Scaleless Corn Snake

Scaleless Corn Snake: A To Z With A Pocket-Sized Care-Guide!

Red, blue, purple, pink– no, we are not ordering blossoms at a flower shop, we are in fact talking about something quite on the contrary. In the animal world, there has been a recent outburst of colorful appearance in mammals, birds or reptiles. In this article, we have chosen different morphs of corn snakes to be the topic of discussion.

Corn snake morphs are setting a trend these days. Among thousands of morphs present, the scaleless corn snake morphs is the most popular, and we will soon know why. Corn snakes are known to be docile and highly manageable. Are scaleless corn snakes the same? Let’s find out!

Scaleless Corn Snake: Are These Snakes From Another Planet?

All snakes have scales, don’t they? Yes, they do. However, because of a certain gene mutation, some snakes could hatch out without scales or fewer scales than normally present. This may happen to all snake species, and corn snakes are no exception. Let’s meet these dudes!

Scaleless Corn Snake Physical Appearance

Source: @Iansvivarium

What Do Scaleless Corn Snakes Look Like?

People think that scaleless corn snakes do not have any scales on their body but that is not the case. Let’s explore further to find out what the mystery behind these scaleless critters is!

  • Body: Scaleless corn snakes have a reduced number of scales on their body when compared to other corn snakes, as simple as that. They also have fewer scales on the ventral sides of their elongated form. Scales corn snakes have a rope-like appearance or texture while scaleless ones appear as if they are made of foam covered in colorful fabric.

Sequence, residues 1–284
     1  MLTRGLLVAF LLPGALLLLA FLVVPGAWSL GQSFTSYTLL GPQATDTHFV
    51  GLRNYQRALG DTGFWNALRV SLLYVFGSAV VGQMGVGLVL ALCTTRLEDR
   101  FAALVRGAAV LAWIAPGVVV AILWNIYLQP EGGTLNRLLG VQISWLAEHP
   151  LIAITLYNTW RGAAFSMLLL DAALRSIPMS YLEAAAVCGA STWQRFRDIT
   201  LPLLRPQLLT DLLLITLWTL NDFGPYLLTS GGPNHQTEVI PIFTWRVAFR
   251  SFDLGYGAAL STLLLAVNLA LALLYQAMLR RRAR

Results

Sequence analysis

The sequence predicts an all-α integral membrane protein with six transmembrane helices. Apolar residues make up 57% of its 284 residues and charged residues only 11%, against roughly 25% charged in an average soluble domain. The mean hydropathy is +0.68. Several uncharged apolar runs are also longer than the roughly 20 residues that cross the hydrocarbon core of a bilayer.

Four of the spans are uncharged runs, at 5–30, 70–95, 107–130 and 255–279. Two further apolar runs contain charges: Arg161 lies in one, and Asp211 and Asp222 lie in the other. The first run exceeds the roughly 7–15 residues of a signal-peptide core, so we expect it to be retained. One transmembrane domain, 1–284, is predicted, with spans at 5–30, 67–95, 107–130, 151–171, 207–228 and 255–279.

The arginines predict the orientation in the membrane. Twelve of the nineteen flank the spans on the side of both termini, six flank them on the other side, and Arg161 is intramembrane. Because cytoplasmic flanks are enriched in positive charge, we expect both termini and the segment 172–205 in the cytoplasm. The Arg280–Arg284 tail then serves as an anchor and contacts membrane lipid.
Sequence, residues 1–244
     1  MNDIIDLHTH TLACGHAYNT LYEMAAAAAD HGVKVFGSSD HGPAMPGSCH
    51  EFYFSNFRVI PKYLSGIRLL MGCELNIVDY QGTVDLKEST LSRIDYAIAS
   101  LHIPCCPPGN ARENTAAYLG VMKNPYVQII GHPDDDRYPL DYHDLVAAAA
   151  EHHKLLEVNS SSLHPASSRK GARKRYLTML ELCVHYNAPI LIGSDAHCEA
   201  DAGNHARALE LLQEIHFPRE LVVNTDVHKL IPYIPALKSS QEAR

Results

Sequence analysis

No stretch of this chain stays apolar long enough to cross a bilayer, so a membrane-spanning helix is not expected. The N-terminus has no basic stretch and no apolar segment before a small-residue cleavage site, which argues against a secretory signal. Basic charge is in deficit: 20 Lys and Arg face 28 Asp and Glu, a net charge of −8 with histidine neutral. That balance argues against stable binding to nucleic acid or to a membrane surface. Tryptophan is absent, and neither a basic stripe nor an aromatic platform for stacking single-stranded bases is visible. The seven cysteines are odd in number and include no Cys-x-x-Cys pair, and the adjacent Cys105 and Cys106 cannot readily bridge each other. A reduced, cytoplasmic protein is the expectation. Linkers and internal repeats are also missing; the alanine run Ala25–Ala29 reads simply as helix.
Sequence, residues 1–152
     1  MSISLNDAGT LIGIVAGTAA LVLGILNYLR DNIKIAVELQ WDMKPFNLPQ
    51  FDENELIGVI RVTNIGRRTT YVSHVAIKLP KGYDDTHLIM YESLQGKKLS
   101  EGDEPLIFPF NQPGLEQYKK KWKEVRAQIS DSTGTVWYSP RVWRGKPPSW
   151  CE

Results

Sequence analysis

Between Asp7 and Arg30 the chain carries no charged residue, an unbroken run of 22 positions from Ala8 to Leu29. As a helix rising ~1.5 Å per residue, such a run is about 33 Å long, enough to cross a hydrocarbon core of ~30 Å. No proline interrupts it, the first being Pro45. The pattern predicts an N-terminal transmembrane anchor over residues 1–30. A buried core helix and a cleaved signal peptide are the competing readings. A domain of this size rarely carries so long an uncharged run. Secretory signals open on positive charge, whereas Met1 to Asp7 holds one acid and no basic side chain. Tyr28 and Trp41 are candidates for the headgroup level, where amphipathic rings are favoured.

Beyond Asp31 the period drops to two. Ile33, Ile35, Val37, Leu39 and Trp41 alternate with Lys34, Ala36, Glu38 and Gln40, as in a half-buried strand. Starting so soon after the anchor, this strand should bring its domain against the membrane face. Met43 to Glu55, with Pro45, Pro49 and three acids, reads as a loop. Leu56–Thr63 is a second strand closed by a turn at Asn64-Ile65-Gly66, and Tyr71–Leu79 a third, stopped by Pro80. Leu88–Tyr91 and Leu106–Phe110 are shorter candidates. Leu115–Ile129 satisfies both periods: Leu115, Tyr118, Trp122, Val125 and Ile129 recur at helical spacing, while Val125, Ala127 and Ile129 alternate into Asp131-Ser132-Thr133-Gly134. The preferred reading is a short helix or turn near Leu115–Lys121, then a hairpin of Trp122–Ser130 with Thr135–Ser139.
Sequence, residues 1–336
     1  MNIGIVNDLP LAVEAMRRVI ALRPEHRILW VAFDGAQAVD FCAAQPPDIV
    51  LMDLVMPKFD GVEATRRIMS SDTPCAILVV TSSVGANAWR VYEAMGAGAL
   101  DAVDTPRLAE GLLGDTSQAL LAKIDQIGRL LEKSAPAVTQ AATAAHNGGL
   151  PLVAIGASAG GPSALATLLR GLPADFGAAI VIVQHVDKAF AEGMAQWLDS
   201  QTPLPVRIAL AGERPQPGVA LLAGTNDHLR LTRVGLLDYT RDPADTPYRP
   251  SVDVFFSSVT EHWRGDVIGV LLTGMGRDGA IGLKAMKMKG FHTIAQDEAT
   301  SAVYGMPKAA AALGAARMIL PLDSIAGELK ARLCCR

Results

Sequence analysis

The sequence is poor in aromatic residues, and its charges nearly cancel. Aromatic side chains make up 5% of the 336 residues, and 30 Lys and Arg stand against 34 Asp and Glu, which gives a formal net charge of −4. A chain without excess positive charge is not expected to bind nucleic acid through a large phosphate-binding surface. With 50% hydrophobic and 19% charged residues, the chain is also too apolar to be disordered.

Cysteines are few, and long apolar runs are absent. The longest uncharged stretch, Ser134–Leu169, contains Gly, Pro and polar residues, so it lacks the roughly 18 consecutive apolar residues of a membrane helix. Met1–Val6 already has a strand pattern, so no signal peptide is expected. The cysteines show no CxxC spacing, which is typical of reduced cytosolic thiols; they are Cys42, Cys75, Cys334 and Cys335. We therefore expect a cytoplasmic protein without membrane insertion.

When scaleless corn snakes wriggle around, wrinkles and creases appear on their skin as if they are covered in a blanket. Some pet-keepers have suggested that they feel rubbery or velvety to touch. Some say that the skin of a scaleless corn snake feels like human skin.
    Micrographs of scaled and scaleless corn snakes have shown significant differences in the texture of the dorsal skin. On a scaled corn snake, the scales appear as rhombuses with rough edges, whereas in a scaleless corn snake the scales appear more circular with smooth edges. It has also been found that the papillary layer of the dermis (layer of the skin) with loose connective tissue is missing in the scaleless corn snake. Ventral scales have no difference.
  • Eyes: Most scaleless corn snakes, unless they are amelanistic, will have black eyes with golden-yellow eye-rings. Many people think that these snakes do not have scales on or around their eyes, but that is not true. Transparent scales are present on their eyes just like other corn snakes. However, they may have a bug-eye appearance.
    What is a bug-eye? It is when the eyes of a snake appear larger than normal and seem to be protruding out. The actual reason for the eyes to appear as if they are bulging out is because there are next to no scales present on the rest of their face or snout.
  • Head: The spear-head pattern is present on the head of a scaleless corn snake but may not be as distinct as on other scaled corn snakes. They may have fewer or no scales present on the head region. However, there are almost always a few scales present close to the nostrils and the mouth.
  • Belly: Corn snakes are identified with a checkerboard pattern on their belly, with black and white lines criss-crossing one another making squares as a result. Just the same as in any corn snake, scaleless corn snakes also have a checkerboard pattern with the squares filled in with different colors, depending on the morph. There may be a few morphs where scales may not be present on the belly or there may be deformed circular scales visible.